Angela Dohrman, Vice-President and Chief Operating Officer, SpiriTrust Lutheran, discussed providing quality care for senior citizens. The discussion included: definitions of senior care, the difficulties in sustaining quality care, the recruitment of personnel, Affordable Health Care act, regulations for senior care facilities, the calling or vocation of SpiriTrust personnel.
In a conversation with Fran Quigley the Seminary Explores learns of some deeply-held misconceptions we have about drug costs, the urgency for change, and how people of faith might fit in. Quigley is Clinical Professor and Director of the Health and Human Rights Clinic at Indiana University McKinney School of Law. He is the author of four books: Prescription for the People: An Activist’s Guide to Making Medicine Affordable for All, If We Can Win Here, How Human Rights Can Build Haiti, and Walking Together, Walking Far.
In the ongoing series of podcasts “Science for Seminaries”, Gettysburg Seminary board member Dr. Greg Yothers discusses his own faith and the connection he sees between his faith and his work as a researcher in clinical cancer trials.
Recorded live at St. James Lutheran Church in Gettysburg, long time host, Dr. Gerald Christianson, talks with Dr. Elizabeth Wood, retired physician in private practice, about the decline of private practice in medicine. Dr. Wood expresses concern that some important values are in danger of being lost: a single physician’s knowledge of the whole person; drug over-dose or contradicting prescriptions; lack of communication among specialists. Much has been gained as well, but two universal issues remain open to debate: the delivery of quality care for all and end of life decisions.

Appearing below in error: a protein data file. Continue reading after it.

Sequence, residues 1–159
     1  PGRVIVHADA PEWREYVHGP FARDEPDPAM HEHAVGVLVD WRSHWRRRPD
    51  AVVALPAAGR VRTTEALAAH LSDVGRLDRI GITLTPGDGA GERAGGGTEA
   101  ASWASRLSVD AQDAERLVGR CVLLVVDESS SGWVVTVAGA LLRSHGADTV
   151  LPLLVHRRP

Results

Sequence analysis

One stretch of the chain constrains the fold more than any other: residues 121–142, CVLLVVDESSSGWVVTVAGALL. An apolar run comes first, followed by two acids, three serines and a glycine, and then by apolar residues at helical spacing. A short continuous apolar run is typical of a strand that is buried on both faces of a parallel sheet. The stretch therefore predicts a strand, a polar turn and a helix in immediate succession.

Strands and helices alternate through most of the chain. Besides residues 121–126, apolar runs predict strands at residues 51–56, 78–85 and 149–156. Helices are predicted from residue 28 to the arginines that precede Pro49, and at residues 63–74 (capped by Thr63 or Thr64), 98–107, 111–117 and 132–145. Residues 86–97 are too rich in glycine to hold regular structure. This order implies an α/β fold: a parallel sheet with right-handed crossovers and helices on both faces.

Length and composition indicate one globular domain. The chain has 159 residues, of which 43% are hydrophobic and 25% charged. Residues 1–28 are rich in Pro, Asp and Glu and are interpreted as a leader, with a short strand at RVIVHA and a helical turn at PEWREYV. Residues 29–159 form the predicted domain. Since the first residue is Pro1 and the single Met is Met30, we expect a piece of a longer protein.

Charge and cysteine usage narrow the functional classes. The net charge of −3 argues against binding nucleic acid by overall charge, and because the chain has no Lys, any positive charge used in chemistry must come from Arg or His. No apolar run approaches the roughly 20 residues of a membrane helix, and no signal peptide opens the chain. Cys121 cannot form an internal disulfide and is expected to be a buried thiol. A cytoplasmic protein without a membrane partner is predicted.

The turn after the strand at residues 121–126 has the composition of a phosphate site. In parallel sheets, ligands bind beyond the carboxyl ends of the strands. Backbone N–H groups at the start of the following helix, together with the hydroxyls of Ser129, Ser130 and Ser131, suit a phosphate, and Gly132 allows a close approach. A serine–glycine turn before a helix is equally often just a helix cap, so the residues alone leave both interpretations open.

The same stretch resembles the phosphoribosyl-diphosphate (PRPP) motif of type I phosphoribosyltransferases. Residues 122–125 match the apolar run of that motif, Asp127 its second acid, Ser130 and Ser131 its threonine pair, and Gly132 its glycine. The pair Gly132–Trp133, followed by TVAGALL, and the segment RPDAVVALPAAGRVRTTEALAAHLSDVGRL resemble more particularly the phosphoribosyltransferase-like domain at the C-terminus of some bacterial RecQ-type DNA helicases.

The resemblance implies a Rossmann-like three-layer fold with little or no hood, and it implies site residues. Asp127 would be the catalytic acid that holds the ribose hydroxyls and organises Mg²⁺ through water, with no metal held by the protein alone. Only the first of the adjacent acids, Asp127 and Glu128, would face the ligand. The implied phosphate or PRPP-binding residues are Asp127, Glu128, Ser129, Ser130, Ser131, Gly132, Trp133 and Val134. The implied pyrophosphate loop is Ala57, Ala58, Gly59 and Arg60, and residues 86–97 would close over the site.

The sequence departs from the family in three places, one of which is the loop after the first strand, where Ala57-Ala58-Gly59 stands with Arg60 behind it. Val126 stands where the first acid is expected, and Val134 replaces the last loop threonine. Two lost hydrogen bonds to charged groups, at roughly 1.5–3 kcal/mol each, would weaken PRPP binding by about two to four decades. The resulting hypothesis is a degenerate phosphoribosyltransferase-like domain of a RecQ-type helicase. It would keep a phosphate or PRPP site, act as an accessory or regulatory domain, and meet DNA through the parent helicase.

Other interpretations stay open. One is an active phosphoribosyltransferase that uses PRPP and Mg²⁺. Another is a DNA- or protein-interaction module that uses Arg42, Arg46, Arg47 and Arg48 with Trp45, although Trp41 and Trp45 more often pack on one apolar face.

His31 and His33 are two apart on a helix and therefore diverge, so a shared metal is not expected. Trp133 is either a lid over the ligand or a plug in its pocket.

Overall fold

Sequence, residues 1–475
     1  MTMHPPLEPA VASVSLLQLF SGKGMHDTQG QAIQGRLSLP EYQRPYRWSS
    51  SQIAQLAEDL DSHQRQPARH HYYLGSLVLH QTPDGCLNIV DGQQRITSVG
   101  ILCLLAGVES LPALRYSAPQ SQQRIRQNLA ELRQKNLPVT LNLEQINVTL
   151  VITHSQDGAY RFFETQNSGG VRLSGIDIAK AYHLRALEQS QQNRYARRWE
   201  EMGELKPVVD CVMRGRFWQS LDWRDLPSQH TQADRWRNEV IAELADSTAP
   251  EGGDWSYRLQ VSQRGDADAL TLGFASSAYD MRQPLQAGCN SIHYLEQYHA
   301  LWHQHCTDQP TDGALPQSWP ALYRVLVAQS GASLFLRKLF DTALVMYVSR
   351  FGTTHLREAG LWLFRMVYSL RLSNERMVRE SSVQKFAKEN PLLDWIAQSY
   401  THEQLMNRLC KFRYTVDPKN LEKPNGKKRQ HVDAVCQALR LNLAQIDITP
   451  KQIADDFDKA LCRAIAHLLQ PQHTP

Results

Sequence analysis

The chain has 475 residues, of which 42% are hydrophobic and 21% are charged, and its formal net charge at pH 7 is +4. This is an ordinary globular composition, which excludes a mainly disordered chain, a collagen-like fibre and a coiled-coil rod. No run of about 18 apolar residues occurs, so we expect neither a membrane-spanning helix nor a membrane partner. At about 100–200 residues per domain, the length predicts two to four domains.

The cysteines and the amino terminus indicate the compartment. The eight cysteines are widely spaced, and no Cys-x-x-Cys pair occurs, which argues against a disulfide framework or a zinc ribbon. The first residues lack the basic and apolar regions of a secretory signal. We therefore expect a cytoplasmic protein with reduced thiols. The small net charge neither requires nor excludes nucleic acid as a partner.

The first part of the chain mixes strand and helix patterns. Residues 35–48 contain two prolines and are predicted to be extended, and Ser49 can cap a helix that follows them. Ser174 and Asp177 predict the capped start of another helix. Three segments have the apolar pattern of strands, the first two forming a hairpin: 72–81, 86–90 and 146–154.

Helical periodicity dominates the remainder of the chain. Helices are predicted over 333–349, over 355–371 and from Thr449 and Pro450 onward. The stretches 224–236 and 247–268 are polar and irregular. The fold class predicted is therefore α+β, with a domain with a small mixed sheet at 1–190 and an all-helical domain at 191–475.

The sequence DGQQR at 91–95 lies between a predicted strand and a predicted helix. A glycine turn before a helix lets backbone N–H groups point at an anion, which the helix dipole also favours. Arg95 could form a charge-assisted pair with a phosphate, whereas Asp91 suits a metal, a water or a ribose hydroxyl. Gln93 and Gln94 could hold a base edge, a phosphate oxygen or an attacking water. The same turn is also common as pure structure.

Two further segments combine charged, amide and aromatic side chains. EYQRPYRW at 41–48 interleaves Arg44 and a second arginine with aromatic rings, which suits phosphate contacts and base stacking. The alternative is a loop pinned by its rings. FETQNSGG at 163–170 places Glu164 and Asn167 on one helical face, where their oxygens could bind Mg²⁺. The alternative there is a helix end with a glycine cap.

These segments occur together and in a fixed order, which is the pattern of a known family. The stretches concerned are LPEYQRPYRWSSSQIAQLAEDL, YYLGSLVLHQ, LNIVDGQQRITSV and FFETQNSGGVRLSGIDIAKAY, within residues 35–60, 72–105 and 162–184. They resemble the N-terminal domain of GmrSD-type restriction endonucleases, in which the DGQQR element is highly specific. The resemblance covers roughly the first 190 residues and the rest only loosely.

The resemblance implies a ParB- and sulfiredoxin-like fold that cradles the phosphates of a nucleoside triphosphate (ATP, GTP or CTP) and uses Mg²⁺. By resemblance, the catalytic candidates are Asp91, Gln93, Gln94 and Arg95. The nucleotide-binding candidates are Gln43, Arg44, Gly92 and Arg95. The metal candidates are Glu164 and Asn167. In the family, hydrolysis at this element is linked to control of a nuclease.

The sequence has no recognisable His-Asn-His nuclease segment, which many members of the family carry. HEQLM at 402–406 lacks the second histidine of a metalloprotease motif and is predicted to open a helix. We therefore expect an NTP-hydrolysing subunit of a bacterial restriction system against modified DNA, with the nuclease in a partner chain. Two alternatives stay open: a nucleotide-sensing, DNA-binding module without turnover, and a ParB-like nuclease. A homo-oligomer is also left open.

In this episode, a part of our ongoing series about Science for Seminaries, geneticist Dr. Jennifer Powell describes her work and the importance of genetics for understanding life.
As part of our Science for Seminaries series, Dr. Michael Wedlock explains what chemistry is, why it was once called the “central science,” and most importantly, how it helps us better understand and appreciate the world.
Continuing our focus on “Science in the Seminary” this year, in this episode, Dr. Stephenson offers a basic description of physics and the kinds of things physics teaches us about the world. Then moving into some specific theories about creation, the universe and how it all matters to our understanding of God.
Dr. Leonard Hummel, Professor of Pastoral Theology, Gettysburg Seminary, describes a grant from the Templeton Foundation that enables the three “c’s”: competencies in science for seminarians, connections with scientists at other institutions and a core that encourages dialogue with science--for example, the connection between a professor of physics and a professor of Old Testament in a course on Genesis and the origins of the universe.
Dr. Tom Deloe, Retired Health Researcher, Department of Health and Human Services talks to Dr. Christianson about Marijuana. With the number of states approving medical or even recreational use of marijuana increasing, several questions arise. How extensive is the use among teens and what do we know about its effects? What are the chances that teens or adults will move on to harder drugs? Has legalization reduced the prison population? Has marijuana helped cure any diseases? If not, what are the positives and negatives of medical use?